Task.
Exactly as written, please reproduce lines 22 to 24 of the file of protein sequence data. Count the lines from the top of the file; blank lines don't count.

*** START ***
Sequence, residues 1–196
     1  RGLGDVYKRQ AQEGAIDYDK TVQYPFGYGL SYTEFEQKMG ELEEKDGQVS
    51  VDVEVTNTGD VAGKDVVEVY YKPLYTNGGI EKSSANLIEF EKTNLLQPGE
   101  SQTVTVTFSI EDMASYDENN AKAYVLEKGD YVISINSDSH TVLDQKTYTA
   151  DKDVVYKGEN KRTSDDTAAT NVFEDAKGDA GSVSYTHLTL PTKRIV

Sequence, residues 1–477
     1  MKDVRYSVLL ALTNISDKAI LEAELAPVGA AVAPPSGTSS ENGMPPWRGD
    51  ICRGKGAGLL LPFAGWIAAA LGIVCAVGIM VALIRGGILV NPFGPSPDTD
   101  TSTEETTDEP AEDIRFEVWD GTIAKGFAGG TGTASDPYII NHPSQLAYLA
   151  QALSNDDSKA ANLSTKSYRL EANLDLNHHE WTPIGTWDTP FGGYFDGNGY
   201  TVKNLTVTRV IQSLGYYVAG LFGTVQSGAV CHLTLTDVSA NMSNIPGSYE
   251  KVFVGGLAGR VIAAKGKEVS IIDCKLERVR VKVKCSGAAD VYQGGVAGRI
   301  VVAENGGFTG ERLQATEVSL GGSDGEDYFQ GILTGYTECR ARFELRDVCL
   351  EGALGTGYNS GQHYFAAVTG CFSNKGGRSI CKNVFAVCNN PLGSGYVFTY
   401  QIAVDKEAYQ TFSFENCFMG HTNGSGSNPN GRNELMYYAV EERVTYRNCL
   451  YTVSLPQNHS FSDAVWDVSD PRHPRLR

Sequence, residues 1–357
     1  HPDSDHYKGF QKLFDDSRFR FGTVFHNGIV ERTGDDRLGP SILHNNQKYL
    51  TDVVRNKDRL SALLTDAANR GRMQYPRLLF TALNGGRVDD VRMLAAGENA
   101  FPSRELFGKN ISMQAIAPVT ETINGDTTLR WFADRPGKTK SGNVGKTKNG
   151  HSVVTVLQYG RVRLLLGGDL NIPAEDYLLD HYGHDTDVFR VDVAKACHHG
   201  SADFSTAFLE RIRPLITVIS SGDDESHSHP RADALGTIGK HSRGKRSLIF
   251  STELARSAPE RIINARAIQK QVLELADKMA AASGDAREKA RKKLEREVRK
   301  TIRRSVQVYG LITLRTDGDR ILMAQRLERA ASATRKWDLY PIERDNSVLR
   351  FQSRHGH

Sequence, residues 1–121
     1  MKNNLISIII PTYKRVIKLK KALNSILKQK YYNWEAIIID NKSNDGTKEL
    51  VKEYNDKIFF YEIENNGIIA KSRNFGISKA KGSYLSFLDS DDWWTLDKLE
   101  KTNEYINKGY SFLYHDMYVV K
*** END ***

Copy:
   201  SADFSTAFLE RIRPLITVIS SGDDESHSHP RADALGTIGK HSRGKRSLIF
   251  STELARSAPE RIINARAIQK QVLELADKMA AASGDAREKA RKKLEREVRK
   301  TIRRSVQVYG LITLRTDGDR ILMAQRLERA ASATRKWDLY PIERDNSVLR